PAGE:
In terms of the share of total expenditure, the share of 'social protection' expenditure reached a low point in 2008 (38.4 % of total expenditure), thereafter increasing to 41.7 % of total expenditure in 2016. In 2017 and 2018, the share decreased to 41.5 % and 41.2 % of total expenditure respectively. However, the rising share of 'social protection' expenditure in recent years is accompanied by decreasing shares of GDP in the period 2014-2018.
Relatively stable shares of total expenditure over 2001-2018 are noted for 'public order and safety', 'economic affairs' (although a peak is noted in 2010 due to the high level of capital transfers to support financial institutions at the height of the financial crisis), 'environmental protection' and 'recreation, culture and religion'.
A steady increase over the period from 2001 to 2018 is noted for 'health', where the shares in total expenditure increased from 13.2 % of GDP in 2001 to 15.0 % of GDP in 2018.
Decreases in the share of total expenditure over 2001 to 2018 are noted for 'defence' (2.9 % of total expenditure in 2001 and 2.6 % of total expenditure in 2018), 'housing and community amenities' (1.8 % of total expenditure in 2001 and 1.2 % of total expenditure in 2018) and 'education' (10.3 % of total expenditure in 2001 and 9.9 % of total expenditure in 2018).
The figures at EU level mask disparate situations in the Member States.
All these different functions are developed in 10 statistical articles as follows:
- Expenditure on 'general public services'
- Expenditure on 'defence'
- Expenditure on 'public order and safety'
- Expenditure on 'economic affairs'
- Expenditure on 'environmental protection'
- Expenditure on 'housing and community amenities'
- Expenditure on 'health'
- Expenditure on 'recreation, culture and religion'
- Expenditure on 'education'
- Expenditure on 'social protection'
Composition of general government total expenditure by function
The COFOG classification allows for an analysis of general government total expenditure by its socio-economic purpose - in other words "why" government spent money. An analysis by ESA transaction allows for an analysis of how government spent money.
The most important component of government total expenditure are social benefits (in cash) and social transfers in kind ( - purchased market production). Social cash benefits are paid to households in order to relieve them of social risks or needs. Examples of social transfers are pension payments, unemployment benefits and child allowances. In 2018 in the EU-27, social benefits (in cash) and social transfers in kind ( - purchased market production) made up nearly 46 % of government total expenditure. The majority of social transfers in kind are classified in the function 'social protection', with important amounts also recorded in 'health' and 'education'.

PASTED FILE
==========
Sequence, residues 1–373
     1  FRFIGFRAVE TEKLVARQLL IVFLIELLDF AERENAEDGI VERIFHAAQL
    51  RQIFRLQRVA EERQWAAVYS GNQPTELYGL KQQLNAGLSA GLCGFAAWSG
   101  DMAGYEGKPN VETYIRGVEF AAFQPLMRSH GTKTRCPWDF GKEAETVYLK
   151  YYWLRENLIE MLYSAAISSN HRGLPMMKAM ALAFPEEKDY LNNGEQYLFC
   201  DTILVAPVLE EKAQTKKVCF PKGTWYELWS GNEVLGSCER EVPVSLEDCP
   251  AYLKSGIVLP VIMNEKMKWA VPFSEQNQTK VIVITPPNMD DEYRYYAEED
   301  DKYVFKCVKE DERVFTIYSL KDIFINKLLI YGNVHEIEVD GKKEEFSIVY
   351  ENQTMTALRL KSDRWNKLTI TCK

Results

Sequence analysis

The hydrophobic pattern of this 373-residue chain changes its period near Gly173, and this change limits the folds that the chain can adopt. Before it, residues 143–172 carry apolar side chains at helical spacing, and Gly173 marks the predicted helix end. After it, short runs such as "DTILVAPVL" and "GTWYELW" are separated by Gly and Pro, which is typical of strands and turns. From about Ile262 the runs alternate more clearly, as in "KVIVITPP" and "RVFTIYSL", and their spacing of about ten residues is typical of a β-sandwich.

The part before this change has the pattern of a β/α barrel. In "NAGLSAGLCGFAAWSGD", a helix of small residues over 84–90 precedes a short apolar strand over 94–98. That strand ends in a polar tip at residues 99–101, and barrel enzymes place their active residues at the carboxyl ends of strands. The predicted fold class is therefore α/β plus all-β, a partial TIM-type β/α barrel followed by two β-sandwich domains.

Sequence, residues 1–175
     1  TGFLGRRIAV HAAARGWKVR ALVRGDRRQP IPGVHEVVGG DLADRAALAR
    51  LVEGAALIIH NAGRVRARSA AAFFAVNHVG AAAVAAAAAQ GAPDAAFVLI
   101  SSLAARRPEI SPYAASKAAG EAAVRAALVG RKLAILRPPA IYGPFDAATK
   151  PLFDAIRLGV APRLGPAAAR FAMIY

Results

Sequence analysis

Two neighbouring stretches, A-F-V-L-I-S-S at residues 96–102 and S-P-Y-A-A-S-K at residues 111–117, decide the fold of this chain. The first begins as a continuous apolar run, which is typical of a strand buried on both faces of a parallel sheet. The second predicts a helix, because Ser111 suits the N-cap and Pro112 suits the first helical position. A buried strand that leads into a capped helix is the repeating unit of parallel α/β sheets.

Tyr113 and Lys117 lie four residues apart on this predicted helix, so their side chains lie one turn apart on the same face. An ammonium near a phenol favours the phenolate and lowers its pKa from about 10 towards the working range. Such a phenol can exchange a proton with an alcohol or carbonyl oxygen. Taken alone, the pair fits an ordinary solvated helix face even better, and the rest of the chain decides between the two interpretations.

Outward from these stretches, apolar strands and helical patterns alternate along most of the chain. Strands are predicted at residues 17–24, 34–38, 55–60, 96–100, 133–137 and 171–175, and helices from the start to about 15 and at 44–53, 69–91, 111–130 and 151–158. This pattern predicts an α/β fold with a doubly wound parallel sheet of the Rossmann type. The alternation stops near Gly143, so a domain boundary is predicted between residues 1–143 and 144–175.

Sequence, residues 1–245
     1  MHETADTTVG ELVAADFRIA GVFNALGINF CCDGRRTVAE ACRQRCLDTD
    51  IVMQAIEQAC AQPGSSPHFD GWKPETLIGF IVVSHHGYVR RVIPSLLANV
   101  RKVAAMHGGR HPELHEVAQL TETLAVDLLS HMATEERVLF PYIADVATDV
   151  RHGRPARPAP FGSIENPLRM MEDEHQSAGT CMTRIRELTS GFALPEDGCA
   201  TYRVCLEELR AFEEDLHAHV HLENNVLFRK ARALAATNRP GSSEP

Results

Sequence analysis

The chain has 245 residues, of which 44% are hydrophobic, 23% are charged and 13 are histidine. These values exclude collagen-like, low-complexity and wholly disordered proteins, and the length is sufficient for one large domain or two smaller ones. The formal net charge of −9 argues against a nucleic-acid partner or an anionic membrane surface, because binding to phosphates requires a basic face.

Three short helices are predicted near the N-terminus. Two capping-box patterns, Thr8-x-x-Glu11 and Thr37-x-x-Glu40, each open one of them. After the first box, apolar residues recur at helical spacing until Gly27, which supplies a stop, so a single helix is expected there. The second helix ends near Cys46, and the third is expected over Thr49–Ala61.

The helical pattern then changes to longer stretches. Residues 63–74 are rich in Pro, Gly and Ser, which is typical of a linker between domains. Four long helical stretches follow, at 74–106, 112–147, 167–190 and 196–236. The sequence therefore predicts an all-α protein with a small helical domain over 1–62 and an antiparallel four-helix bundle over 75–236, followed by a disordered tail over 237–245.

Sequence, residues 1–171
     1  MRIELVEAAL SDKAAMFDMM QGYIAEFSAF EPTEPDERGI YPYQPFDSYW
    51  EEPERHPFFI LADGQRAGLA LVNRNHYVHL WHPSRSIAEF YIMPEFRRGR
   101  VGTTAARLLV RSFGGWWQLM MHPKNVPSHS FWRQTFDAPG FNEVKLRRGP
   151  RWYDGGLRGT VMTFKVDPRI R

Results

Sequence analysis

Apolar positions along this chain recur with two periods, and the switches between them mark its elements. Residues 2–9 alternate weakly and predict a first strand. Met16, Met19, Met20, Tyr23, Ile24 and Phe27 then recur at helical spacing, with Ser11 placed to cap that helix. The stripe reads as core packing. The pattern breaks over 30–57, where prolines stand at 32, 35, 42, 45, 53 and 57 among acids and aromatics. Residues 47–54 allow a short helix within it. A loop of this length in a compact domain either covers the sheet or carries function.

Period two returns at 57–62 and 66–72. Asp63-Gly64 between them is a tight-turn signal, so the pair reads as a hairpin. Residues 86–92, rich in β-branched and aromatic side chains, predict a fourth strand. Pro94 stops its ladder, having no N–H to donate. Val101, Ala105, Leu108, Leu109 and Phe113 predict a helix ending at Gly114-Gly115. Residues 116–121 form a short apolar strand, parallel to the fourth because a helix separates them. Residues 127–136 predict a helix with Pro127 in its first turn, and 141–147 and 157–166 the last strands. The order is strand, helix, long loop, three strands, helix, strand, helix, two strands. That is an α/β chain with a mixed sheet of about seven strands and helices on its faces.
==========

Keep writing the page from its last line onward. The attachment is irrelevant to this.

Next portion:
Compensation of employees made up nearly 22 % of government expenditure in the EU-27 in 2018. It consists of wages and salaries of government employees as well as employers' social contributions. The largest amounts of compensation of employees were assigned to 'education', followed by 'health' and ' general public services'.
Intermediate consumption made up nearly 12 % of government expenditure in the EU-27 in 2018. It consists of government purchases of goods and services, excepts where these are regarded as capital formation. Important amounts were assigned to the functions 'health', 'general public services and economic affairs'.
As regards other current transfers, payable, these made of nearly 5 % of total expenditure in the EU-27 in 2018. Two important kinds of other current transfers - current international cooperation as well as the VAT and GNI based transfers to the EU budget are recorded within the function 'general public services'.
Subsidies and capital transfers (including investment grants) were concentrated in the function 'economic affairs', while property income, payable (consisting mainly of interest payments) was concentrated in the function 'general public services' (and the group 'public debt transactions' in particular).
Capital investments made up around 6 % of general government total expenditure in the EU-27 in 2018. They were concentrated in the division 'economic affairs', which includes notably the group 'transport'.
Source data for tables and graphs
The detailed tables are available here.
Data sources and availability
Reporting of data to Eurostat
Annual government finance statistics (GFS) data are collected by Eurostat on the basis of the European System of Accounts (ESA 2010) transmission programme. Member States are requested to transmit, among other tables, table 1100, 'Expenditure of general government by function' twelve months after the end of the reference period. Table 1100 provides information about expenditure of the general government sector divided into main COFOG functions and ESA 2010 categories. The transmission of the COFOG I level breakdown (divisions) is compulsory for the years 1995 onwards (subject to derogations), whereas information on the COFOG II level (COFOG groups) is provided on a compulsory basis for the reference years 2001 onwards. The main reference years used in this publication are 2018 as the latest year available and 2001 as the first year for which complete data on expenditure by function are available at EU-27 level.
Data was extracted on 24 February 2020.
It corresponds to latest transmissions under ESA table 11. Differences with ESA table 2 may occur as in some cases ESA table 11 transmissions are aligned with ESA table 2 transmitted in October 2019 and ESA table 2 has been revised since or in case ESA table 11 takes on board data updates not yet integrated in ESA table 2.
Provisional and estimated data